We also identified variability in the interpretation of tumor in pericapsular lymphatic spaces. While some pathologists identified these as lymphovascular emboli, others interpreted these as ITCs. While ITCs are not included in the total number of positive nodes for N classification, in SLN after NACT, there are currently no data to enable axillary dissection to be safely omitted, irrespective of the size of the SLN metastasis.[22,23] An evaluation of 181 patients with post-NACT who had a residual positive lymph node irrespective of the method of detection (17% [1/6] with isolated tumor cells, 64% with micrometastasis, and 62% with macrometastasis) also had additional non-SLN involvement at ALND.[24] The currently accruing Alliance A011202 trial, which randomizes patients with persistent positive axillary disease following NACT to axillary radiation with or without ALND, aims to determine if ALND can be safely omitted in this population.[25]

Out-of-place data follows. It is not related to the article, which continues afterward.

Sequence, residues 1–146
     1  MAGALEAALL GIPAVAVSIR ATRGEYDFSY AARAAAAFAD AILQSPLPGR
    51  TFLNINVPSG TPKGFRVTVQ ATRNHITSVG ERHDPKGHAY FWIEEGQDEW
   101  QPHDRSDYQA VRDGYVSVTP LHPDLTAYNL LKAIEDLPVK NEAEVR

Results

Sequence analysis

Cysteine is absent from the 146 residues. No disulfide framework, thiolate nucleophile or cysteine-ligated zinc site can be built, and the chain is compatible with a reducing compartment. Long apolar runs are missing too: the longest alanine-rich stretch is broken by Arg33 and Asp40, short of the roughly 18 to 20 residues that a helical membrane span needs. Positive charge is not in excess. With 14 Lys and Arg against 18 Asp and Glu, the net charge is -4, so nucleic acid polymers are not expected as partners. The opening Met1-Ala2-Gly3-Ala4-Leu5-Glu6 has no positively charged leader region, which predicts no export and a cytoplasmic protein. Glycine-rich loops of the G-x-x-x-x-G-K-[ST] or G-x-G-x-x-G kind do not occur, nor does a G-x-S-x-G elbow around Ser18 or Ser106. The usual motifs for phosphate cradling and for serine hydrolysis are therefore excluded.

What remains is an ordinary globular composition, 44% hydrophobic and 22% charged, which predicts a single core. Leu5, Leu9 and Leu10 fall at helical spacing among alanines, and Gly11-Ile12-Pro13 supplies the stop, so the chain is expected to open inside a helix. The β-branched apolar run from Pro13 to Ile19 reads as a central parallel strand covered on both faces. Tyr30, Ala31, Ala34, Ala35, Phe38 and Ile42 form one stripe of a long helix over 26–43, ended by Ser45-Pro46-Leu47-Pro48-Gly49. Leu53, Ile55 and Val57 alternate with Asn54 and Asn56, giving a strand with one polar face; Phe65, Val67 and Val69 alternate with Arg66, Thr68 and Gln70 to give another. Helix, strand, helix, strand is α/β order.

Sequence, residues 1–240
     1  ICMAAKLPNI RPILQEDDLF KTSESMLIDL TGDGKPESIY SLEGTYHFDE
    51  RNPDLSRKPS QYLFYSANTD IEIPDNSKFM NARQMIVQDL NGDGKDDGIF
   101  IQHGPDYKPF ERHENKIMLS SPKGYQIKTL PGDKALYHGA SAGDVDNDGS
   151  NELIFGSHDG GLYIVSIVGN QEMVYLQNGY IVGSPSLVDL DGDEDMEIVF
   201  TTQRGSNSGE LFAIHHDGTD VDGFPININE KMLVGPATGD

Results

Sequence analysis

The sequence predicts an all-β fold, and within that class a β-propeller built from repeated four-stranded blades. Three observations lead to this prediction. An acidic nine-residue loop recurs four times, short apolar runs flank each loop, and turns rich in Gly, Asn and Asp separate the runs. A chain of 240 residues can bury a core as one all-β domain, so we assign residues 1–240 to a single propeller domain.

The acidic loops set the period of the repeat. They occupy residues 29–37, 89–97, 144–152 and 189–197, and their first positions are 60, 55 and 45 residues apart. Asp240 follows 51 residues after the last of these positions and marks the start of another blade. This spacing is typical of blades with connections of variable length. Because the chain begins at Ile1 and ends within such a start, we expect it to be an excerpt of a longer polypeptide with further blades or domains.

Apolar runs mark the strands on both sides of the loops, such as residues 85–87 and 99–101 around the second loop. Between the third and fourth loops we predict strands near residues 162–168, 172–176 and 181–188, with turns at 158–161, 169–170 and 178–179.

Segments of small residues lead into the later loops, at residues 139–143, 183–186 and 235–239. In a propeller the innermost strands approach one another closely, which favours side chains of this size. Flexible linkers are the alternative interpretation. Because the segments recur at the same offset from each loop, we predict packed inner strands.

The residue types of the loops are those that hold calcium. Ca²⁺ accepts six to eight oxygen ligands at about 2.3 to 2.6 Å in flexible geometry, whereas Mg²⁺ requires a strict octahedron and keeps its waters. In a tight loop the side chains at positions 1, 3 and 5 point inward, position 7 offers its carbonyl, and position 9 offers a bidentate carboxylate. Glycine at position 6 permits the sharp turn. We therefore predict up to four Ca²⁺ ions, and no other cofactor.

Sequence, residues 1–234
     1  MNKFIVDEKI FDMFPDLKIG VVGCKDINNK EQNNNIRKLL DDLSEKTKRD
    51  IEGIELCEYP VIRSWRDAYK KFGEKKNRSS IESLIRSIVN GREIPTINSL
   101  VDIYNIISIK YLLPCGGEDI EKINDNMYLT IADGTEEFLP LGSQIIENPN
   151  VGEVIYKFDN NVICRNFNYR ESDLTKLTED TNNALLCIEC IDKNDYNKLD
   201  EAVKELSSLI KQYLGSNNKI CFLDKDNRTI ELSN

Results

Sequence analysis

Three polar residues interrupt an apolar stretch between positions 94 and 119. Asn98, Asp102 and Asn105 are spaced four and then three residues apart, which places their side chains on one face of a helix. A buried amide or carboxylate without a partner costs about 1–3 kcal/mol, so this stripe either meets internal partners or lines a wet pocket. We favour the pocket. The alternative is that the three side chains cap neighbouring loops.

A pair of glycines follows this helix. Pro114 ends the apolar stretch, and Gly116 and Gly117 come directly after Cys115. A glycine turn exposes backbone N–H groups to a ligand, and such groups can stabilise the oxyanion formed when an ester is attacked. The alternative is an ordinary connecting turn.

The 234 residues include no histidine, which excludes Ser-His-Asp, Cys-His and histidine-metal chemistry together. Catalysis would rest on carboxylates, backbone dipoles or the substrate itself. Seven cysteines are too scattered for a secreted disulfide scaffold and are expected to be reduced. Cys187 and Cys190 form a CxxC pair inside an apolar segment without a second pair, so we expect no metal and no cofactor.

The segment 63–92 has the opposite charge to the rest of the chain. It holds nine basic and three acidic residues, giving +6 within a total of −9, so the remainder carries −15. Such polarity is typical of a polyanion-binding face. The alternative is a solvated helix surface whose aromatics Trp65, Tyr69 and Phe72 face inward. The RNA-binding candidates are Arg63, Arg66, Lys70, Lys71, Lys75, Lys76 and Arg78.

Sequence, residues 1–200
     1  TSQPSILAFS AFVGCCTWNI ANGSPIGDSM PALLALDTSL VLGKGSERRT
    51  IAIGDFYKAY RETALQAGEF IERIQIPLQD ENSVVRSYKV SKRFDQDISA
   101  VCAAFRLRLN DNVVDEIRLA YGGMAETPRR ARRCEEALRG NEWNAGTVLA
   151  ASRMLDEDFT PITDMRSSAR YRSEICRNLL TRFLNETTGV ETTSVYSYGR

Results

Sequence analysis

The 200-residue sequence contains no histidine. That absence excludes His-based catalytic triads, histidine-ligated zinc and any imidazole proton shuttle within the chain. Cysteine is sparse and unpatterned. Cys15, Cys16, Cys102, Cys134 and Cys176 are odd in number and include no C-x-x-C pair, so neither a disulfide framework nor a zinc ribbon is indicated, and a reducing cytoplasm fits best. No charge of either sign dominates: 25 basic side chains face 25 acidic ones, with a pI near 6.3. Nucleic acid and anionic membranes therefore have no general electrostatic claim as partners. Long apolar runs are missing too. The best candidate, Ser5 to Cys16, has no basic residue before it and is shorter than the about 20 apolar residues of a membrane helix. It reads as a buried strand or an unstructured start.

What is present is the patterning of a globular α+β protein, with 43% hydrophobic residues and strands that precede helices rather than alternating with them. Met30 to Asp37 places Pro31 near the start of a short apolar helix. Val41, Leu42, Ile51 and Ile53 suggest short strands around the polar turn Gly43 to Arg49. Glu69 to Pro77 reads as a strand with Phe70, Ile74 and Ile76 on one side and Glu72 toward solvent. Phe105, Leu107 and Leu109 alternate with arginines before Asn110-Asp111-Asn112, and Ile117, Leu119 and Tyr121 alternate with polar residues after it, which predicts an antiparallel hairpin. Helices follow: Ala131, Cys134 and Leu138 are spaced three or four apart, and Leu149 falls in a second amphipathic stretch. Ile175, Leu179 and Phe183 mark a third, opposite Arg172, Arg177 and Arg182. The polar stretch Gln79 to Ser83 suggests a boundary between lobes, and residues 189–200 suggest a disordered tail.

In conclusion, recent clinical trials have changed axillary management in breast carcinoma toward a more conservative approach. These changes have resulted in decreased utilization of IOE at most institutions. The variation in pathology practice may be driven by variations in surgical practice or expectations of the surgical team. Among pathologists in academic institutions, there are areas of uniformity in practice (preference for FS during IOE, sectioning lymph nodes at 2 mm, submitting the entire lymph node for FS, and documenting ENE after evaluation of permanent section) and areas of dichotomy in practice (complete vs incomplete removal of perinodal fat at FS, perpendicular vs parallel sectioning, routine vs case-by-case multilevel H&E/immunostain examination, and interpretation of tumor in pericapsular lymphatics as LVI or ITC). Data-driven efforts to increase standardization of SLN pathologic evaluation should be undertaken. Additional data on reporting of ENE (for both IOE and permanent section evaluation), plane of gross sectioning, and cost vs benefit for multilevel sectioning best target remaining questions that will help guide development of best practices.